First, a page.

Business Tax - 12 Oct 2018
Historically, the payment of carried interest was structured such that it was derived from an offshore entity and non-domiciled individuals were able to protect these returns from UK taxation using the remittance basis of taxation. However, in the 2015 Summer Budget on 8 July 2015, it was announced that carried interest would at a minimum be charged to UK tax to the extent that services were performed in the UK. As such, UK resident, but non-domiciled individuals would no longer be able to protect the entirety of their carried interest from UK taxation.
Carried interest is now subject to UK capital gains tax at a rate of 28% to the extent that services are performed in the UK. The remittance basis can still protect ‘foreign’ carried interest to the extent that services are performed outside the UK and that the funds are not brought into the UK.
However, how can an individual practically segregate the carried interest received that relates to UK services performed and foreign services performed? Sometimes; the partnerships paying the carried interest can ‘split’ payments of carried interest between the UK and foreign services. However, this is not always possible, and it requires an accurate assessment of the individual’s split of time before the payment of carried interest. Even if funds have now introduced procedures to segregate carried interest, distributions may have already been made to executives which were not segregated.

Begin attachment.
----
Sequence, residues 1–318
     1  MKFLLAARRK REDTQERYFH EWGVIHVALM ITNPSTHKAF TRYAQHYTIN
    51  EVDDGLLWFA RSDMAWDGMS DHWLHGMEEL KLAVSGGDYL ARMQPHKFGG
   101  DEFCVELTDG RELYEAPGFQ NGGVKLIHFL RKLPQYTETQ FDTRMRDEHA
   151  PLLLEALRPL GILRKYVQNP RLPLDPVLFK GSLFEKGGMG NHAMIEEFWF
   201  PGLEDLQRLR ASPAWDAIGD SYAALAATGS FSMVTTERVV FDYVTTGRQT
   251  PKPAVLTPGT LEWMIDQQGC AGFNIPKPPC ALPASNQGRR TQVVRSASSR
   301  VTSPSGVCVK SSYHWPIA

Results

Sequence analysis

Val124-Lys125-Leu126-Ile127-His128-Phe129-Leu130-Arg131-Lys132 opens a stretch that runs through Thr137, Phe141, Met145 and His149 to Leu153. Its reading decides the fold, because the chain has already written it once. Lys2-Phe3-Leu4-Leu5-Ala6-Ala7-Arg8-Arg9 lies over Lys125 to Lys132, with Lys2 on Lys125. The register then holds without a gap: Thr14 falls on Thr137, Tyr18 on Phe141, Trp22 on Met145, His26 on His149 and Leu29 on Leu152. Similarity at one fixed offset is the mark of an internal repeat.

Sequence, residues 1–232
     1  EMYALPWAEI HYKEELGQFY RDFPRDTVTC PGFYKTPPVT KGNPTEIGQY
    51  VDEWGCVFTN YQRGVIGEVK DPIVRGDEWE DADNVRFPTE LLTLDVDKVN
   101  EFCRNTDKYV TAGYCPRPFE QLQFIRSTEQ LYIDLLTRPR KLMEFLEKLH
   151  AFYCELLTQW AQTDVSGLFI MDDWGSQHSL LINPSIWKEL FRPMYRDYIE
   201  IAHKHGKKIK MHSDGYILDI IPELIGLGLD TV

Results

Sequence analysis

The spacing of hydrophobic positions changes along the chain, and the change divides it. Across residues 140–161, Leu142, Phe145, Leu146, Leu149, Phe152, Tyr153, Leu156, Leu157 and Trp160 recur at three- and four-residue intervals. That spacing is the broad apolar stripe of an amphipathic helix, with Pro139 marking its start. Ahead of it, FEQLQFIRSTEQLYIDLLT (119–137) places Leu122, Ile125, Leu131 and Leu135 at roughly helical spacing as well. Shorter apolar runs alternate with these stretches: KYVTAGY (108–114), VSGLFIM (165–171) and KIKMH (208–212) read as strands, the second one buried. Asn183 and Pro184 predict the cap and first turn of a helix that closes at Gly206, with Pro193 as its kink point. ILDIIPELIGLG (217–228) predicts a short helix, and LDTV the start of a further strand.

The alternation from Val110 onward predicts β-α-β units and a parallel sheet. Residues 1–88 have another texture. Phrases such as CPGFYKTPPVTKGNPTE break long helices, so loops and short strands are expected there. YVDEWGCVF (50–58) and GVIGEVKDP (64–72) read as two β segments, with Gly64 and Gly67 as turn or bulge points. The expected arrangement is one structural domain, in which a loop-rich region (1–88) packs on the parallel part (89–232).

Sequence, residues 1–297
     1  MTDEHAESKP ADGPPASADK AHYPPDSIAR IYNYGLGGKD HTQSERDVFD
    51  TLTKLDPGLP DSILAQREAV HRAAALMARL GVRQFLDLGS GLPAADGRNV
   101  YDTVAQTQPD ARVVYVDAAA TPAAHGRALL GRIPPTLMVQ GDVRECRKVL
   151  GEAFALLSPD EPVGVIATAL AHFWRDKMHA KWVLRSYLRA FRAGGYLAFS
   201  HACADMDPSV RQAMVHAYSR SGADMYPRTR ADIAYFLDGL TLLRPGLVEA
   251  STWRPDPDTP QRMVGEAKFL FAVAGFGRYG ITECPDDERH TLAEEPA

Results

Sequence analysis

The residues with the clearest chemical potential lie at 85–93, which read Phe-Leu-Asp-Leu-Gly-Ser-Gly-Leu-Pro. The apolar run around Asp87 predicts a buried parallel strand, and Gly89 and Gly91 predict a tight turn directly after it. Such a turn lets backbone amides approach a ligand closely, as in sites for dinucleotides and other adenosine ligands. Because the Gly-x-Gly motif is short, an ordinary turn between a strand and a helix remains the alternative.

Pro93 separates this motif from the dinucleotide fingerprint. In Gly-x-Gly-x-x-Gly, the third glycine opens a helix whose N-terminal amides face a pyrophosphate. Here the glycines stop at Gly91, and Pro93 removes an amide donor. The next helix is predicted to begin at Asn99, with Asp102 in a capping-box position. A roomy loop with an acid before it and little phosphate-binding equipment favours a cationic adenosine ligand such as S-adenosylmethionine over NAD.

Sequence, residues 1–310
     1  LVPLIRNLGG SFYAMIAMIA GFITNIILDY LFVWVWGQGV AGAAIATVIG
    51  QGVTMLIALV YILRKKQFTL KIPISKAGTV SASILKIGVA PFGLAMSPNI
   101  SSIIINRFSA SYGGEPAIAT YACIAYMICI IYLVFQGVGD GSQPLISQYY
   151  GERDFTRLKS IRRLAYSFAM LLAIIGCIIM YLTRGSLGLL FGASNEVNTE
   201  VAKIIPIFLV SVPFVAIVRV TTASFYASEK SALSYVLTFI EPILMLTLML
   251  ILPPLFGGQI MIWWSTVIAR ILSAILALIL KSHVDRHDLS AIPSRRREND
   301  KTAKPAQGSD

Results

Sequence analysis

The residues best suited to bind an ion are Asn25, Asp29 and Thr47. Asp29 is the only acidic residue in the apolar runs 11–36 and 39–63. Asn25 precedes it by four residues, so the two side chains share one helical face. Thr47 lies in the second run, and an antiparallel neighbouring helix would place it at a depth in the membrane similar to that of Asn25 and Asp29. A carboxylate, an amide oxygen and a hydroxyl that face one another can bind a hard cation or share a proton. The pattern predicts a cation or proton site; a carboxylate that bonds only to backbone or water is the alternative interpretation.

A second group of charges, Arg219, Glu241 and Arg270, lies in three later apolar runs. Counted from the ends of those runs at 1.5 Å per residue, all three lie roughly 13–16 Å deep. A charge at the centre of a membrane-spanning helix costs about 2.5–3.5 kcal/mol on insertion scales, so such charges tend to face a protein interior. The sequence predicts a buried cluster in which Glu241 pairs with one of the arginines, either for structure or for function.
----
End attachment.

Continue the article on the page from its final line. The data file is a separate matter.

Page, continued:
For those individuals seeking to utilise the remittance basis, we often see the creation of mixed funds containing carried interest. This can create significant problems when it comes to utilising funds in the UK. If the relevant partnership does not split payments; we often see the following scenario:
Offshore bank account, funded with 100% of carried interest, for which 80% will be taxable in the UK and 20% will not be taxed in the UK.
In this basic example; if the individual claims the remittance basis the UK tax charge will be 22.4% of the total amount received (80% UK duties @ 28%). However, if the individual wanted to use the carried interest funds to pay the taxes due; the mixed fund rules would kick in and deem that the funds brought into the UK were first the foreign carried interest amounts. As such; the individual would increase their UK tax liability by 5.6% (20% foreign duties ‘deemed’ to be remitted @ 28%). Thereby getting no effective benefit from the remittance basis